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  • Might As Well: Persuasions Sing Grateful Dead
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Might As Well: Persuasions Sing Grateful Dead Import

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Amazon's The Persuasions Store


Image of album by The Persuasions


Image of The Persuasions


Last January, we got an email from a singer/songwriter from Canada, Elena Yeung. She said she had a song she would really love to have us record with her. Initially, she wanted us to sing background on it, wasn't really sure what direction to take it as to whether to record it with a band. After listening to the idea we felt the song's melody and lyrics conveyed a powerful message that ... Read more in Amazon's The Persuasions Store

Visit Amazon's The Persuasions Store
for 25 albums, photos, discussions, and more.

Product details

1. Here Comes Sunshine
2. Might As Well
3. Lazy River Road
4. Loose Lucy
5. Ripple
6. Brokedown Palace
7. Liberty
8. Sugaree
9. Ship Of Fools
10. He's Gone
11. It Must Have Been The Roses
12. One More Saturday Night
13. Bertha
14. I Bid You Goodnight
15. Black Muddy River

Product Description


The Persuasions are the last of the old-school doo-wop groups (they started kind of late), and the most adventurous--their last album was a set of Frank Zappa covers. Even so, this disc of close-harmony Grateful Dead tunes sounds like a stretch, but it's really an outgrowth of their lovely "Black Muddy River" from last year's Stolen Roses compilation, reprised here. The mood is festive if reverent; lots of vocal and instrumental guests show up, including the younger a cappella quartet Mary Schmary and Dead keyboardist Vince Welnick. Robert Hunter's lyrics sometimes shift between musical idioms a little awkwardly, but the group delivers them with palpable sincerity and love, and digs for the R&B roots of the Dead's roses. And when the Persuasions glom onto the right song, they run with it: "Lazy River Road" a late-model song on which bassman Jimmy Hayes does his "human sub-woofer" routine, is a treat, and so is their foray into bluegrass (with Jerry Garcia's old collaborator Peter Rowan), "Sugaree". --Douglas Wolk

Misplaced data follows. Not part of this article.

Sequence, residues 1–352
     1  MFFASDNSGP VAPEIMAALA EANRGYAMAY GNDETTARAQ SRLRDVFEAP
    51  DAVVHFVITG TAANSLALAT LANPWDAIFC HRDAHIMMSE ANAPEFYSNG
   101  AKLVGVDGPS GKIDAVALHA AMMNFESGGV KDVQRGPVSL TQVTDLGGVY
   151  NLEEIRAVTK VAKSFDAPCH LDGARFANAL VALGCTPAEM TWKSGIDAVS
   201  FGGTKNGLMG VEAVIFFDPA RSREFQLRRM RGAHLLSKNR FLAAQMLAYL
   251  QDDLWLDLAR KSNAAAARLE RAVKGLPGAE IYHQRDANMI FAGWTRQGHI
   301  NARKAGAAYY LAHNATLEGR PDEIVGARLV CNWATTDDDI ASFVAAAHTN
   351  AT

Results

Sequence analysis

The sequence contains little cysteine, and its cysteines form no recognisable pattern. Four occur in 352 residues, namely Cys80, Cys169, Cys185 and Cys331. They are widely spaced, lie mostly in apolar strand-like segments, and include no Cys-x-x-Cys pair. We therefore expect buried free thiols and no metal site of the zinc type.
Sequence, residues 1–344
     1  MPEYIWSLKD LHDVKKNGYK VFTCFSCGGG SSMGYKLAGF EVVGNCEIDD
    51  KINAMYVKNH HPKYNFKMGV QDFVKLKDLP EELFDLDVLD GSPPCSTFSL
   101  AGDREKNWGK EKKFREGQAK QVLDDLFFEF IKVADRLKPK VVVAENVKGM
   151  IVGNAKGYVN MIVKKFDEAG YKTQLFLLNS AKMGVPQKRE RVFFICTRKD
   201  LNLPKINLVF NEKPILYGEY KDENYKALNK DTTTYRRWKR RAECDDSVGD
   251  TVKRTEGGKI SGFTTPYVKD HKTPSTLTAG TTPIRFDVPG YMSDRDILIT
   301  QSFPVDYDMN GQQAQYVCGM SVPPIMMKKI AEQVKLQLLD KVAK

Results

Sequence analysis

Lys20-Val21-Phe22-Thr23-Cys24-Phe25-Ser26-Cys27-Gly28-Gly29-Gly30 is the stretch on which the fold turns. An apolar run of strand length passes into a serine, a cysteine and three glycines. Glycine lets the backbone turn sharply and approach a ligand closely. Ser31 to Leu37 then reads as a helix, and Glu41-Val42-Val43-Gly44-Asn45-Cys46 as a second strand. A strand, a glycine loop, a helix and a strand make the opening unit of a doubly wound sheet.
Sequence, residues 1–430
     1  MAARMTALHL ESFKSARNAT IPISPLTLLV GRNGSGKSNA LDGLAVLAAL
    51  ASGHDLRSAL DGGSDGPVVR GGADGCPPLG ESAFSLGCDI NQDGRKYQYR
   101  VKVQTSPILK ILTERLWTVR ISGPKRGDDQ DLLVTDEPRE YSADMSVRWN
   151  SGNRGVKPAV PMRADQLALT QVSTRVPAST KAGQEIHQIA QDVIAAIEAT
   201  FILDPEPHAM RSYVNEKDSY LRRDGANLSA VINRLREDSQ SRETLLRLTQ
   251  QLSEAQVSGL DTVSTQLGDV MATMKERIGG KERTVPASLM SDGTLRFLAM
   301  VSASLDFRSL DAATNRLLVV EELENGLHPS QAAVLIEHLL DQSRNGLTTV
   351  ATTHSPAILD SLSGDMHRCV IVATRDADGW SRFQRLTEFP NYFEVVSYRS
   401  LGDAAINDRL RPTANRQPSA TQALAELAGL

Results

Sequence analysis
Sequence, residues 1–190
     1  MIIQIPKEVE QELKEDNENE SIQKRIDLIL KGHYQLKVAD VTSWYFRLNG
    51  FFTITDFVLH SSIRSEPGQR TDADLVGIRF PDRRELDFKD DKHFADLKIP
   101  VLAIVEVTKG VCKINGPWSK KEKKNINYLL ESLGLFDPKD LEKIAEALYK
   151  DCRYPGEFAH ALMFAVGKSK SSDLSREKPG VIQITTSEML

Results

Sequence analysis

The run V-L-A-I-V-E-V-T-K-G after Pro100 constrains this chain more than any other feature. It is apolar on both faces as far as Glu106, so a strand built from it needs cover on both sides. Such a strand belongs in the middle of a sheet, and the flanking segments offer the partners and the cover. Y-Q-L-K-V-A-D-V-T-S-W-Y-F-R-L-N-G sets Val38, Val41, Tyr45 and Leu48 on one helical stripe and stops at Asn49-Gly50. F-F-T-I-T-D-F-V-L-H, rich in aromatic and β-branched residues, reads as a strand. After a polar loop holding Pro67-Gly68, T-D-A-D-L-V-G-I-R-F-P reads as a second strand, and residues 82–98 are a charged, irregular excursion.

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Most Helpful Customer Reviews on Amazon.com (beta)

Amazon.com: 22 reviews
16 of 16 people found the following review helpful
Might As Well? Heck, you Need to! 12 Oct. 2000
By Margo Esquandolas - Published on Amazon.com
Format: Audio CD
Absolutely moves your soul, this CD. The Persuasions' unbelievable singing talent really showcases the song-writing talent of the Grateful Dead -- not only serious lyrical prowess, but musical structure and the rest of the music writing package. The classic saying was "The Grateful Dead aren't the best at what they do, they're the only ones to do what they do!" The Persuasions, however, do the one thing the Grateful Dead never did do all that well -- they can really sing! For deadheads, the Dead sang "well enough" and the rest was nothing short of pure magic. But the Persuasions' reinterpretation of this wide range of Grateful Dead classics is nothing short of a different kind of magic -- downright spiritual in feeling, with a full spectrum of "sounds" from do-wop to sort of a 50s thing to a swing-low sound to a tad rockin' feel. Mary Schmary's vocals add a nice balance to the guys in the Persuasions.
Title cut of Might As Well really bops and weaves. Lazy River Road lulls while it tugs at your heartstrings. Probably the least-mellow Ripple I've ever heard. Liberty is a song that I finally "gave a chance" with this album, and it has a lot to say really, plus sounds fun. He's Gone was even actually fun, which is quite a thing to do to that song. Roses is simply beautiful. There's even a little friendly ribbing of Bobby on One More Sat. Nite. Bid You Goodnight is a tad fast, but uplifting that way. Black Muddy River is just a classic closer. This is a must have for every Deadhead's collection, and a great thing to share with those who "never got it."
16 of 16 people found the following review helpful
What next? 20 Oct. 2000
By Bingo Lingo - Published on Amazon.com
Format: Audio CD